Hooker’s research into the subject didn’t end with just that single paper. In 1958, her paper “Male Homosexuality in the Rorschach” challenged whether the Rorschach inkblot test could weed out gays from straights as claimed by its backers. In 1959, she published “What Is A Criterion?”, in which she again reiterated that the three most popular tests then in use for personality assessments were incapable of picking gay men out of a crowd, despite claims to the contrary. She argued that part of the problem was that “we need to get beyond the fact that the individual is homosexual, to the kind of homosexual that he is,” adding:
It will have become evident by this time that I am not greatly disturbed by the fact that projective techniques diagnosing homosexuality are not demonstrably valid means for diagnosing homosexuality. In fact, I am rather encouraged by this because I hope it will force us to re-examine the much over-simplified picture we have had and encourage us to remind ourselves that the first goal of science is understanding, with prediction and control as secondary to it.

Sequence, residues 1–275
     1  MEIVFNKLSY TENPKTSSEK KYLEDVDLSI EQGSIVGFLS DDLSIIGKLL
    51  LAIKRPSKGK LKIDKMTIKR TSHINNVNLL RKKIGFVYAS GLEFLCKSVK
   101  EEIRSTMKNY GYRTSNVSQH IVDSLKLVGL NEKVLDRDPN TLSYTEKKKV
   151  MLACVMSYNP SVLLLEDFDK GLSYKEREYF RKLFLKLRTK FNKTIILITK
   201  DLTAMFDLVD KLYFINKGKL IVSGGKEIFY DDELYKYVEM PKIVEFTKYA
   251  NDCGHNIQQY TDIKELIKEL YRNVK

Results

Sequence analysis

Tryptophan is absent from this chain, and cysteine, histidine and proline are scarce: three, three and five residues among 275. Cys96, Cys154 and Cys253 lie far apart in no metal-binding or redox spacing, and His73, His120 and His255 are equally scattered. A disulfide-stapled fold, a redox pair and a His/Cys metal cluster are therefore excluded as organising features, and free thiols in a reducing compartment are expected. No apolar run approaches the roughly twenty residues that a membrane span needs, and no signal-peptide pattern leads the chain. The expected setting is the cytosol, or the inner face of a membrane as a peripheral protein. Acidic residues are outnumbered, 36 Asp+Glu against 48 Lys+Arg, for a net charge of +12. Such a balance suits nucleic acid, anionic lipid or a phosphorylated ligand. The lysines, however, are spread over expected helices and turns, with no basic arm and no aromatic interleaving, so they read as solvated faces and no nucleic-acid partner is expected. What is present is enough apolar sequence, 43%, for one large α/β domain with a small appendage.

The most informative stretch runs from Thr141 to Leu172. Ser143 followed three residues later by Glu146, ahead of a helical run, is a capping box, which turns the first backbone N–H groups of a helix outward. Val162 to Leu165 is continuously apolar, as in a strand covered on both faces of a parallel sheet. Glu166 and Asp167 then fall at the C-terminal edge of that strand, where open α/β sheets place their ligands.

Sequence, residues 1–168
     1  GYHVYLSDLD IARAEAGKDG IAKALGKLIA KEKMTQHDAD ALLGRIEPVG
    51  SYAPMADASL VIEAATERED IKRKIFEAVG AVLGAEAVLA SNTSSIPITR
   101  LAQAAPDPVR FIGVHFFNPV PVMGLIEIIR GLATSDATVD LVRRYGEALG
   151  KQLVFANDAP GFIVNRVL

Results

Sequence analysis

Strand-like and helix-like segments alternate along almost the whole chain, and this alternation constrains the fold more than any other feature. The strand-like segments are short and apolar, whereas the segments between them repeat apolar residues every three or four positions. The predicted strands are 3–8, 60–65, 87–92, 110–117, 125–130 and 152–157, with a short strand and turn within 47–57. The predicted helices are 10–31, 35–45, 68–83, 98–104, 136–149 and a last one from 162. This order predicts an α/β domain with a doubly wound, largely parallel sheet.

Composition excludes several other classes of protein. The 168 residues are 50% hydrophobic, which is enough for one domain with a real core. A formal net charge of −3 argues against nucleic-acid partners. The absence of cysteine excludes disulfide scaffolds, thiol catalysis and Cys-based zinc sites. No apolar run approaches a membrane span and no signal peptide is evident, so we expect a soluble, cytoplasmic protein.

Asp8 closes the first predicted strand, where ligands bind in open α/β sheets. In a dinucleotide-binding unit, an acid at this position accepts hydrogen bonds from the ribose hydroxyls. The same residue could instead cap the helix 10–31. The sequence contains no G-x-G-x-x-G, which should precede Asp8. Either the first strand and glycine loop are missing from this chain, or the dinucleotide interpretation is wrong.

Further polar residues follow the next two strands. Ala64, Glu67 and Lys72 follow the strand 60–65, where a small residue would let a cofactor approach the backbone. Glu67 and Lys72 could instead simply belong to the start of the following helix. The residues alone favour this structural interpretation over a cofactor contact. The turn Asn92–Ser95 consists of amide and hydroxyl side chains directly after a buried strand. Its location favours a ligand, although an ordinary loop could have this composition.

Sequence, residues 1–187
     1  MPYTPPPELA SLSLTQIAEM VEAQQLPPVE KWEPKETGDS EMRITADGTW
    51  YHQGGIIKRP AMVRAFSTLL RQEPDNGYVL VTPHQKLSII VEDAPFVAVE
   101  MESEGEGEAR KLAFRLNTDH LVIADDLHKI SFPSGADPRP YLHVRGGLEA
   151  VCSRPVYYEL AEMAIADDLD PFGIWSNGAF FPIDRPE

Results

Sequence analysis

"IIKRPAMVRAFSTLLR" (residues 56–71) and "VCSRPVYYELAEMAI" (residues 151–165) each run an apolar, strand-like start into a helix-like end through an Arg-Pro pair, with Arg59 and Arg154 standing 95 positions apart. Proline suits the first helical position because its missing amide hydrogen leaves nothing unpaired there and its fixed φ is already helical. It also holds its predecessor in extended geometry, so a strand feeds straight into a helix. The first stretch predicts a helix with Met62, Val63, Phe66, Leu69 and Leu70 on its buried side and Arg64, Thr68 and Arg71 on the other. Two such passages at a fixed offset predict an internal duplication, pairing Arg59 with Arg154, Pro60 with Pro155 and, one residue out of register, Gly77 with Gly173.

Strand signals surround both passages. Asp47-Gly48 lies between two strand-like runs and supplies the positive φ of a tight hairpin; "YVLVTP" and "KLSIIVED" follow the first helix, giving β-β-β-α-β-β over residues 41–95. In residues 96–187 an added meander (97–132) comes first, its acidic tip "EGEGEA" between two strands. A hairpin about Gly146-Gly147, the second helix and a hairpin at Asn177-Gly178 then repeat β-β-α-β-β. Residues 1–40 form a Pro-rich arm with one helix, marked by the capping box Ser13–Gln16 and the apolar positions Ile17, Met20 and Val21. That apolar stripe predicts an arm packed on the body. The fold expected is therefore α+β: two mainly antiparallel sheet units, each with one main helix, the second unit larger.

Her 1969 paper, “Parental relations and male homosexuality in patient and non-patient samples,” refused the widely accepted claim that parents were the cause of their children’s homosexuality. That same year, she chaired the National Institute of Mental Health’s Task Force on Homosexuality, which recommended the decriminalization of homosexuality and its removal from the APA’s list of mental disorders. The APA finally acted on that recommendation in 1973, but it would take another thirty years before the U.S. Supreme Court would finally eliminate the remaining sodomy laws across the nation.
In 1991, the American Psychological Association honored Dr. Hooker with its Award for Distinguished Contribution to Psychology in the Public Interest, saying: “Her research, leadership, mentorship, and tireless advocacy for an accurate scientific view of homosexuality for more than three decades has been an outstanding contribution to psychology in the public interest.” She died in 1996.
Billy Preston: 1946. As a three-year-old, little Billy began playing the piano while sitting on his mother’s lap. By age ten, the child prodigy was playing the organ for such noted gospel singers as Mahalia Jackson and James Cleveland (who, it was later revealed, was also gay — which is a different story for another time). At age eleven, he appeared on Nat King Cole’s national TV program singing Fats Domino’s “Blueberry Hill, and at age twelve, he started with Cole in the film St. Louis Blues, playing a younger W.C.Handy. In the 1960s, he became a much sought-after studio musician, playing organ for Sam Cooke, Ray Charles, and the Beatles, whom he had met while performing in Hamburg in 1962.